THE HEAD OF the African Union (AU) and President of Ghana, John Agyekum Kufuor has held separate talks with Kenyan political leaders in Nairobi, in an effort to end the post-election crisis while life returns to normalcy in Kenya.
President Kufuor first met in the morning with Mwai Kibaki over an hour behind closed doors at the State House and later held a four-hour discussion with Mr Odinga in his hotel.
The meetings are reported to have been focused on redefining better moments for Kenya in terms of the direction the country would go for peace to prevail.
Violence that broke out between supporters of the political leaders after Mr Kibaki was pronounced winner of the December 27 elections has now subsided but the two main opposing parties have not yet met for direct talks to resolve the crisis that claimed 600 lives and displaced 250,000 people.
Among the leaders President Kufuor met was a 12-member team from the coalition of Kenyan opposition political parties known as the Pentagon.
During the discussions with the feuding parties, President Kufuor emphasised the need for all parties to stand down from their entrenched positions and agree to meet together for talks without any pre-conditions.
The leaders were asked also to impress upon their supporters to desist from all acts of violence and allow the rule of law to prevail.
After meeting Mr Kufuor, Mr Kibaki's office issued a statement saying he had assured Mr Kufuor he was initiating a dialogue.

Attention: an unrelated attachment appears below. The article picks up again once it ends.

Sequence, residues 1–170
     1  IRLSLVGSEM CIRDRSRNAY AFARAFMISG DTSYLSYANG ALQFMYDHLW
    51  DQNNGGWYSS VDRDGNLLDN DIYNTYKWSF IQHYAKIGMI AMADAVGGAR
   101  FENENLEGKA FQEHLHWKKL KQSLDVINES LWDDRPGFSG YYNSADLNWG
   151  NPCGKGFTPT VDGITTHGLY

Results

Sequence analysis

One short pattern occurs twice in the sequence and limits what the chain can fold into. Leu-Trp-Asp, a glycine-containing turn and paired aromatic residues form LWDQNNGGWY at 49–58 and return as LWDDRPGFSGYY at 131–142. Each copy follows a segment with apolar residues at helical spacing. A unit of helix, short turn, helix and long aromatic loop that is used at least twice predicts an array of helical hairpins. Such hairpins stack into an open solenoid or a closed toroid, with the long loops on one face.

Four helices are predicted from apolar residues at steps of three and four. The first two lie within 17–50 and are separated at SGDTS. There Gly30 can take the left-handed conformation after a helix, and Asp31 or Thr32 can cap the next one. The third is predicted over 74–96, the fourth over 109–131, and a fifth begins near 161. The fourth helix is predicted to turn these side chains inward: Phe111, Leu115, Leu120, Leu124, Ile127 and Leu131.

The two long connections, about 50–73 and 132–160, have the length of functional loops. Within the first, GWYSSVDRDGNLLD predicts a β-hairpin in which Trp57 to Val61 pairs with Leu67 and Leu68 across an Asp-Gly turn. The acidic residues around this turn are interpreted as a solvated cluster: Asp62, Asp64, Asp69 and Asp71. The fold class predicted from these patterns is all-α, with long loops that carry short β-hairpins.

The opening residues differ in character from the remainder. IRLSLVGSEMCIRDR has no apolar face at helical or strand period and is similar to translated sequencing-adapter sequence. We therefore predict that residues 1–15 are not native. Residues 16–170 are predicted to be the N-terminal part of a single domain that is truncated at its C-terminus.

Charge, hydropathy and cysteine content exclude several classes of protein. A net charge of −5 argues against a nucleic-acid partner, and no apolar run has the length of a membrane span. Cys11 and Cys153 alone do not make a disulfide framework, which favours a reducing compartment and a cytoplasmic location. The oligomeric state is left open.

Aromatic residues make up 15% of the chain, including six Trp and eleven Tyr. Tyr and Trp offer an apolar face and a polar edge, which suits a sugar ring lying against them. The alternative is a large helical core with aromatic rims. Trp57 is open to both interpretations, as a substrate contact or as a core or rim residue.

The Kenyan President, Mwai Kibaki has announced that he is ready to meet with Mr Odinga on Friday for negotiation talks.
Earlier, Mr Kibaki had proposed a unity government but his rival, the main opposition leader Raila Odinga had repeatedly said he would not join a government of national unity and has also refused joint talks, calling it 'public relations gimmickry'.
However, Mr Odinga has described the talks with President Kufuor as very 'fruitful'.
The mediation efforts have been generally welcomed by the public - who feel Mr Kufuor's visit would bring the calm needed for talks - but that there is widespread conviction that a home-grown solution is needed.
The arrival of the AU chairman is being cited as the arrival of the “saviour”. One newspaper's headline was “The Saviour has come”.
President Kufuor later went to see some of the riot-hit areas and was expected to hold more talks with the parties later in the day.
Mr Kibaki flew off to the western city of Eldoret, which had suffered some of the worst violence since the crisis began, after his meeting with the AU chairman, and later addressed three rallies, mainly attended by members of his Kikuyu tribe who were worst affected by violence in the area.
By Emelia Ennin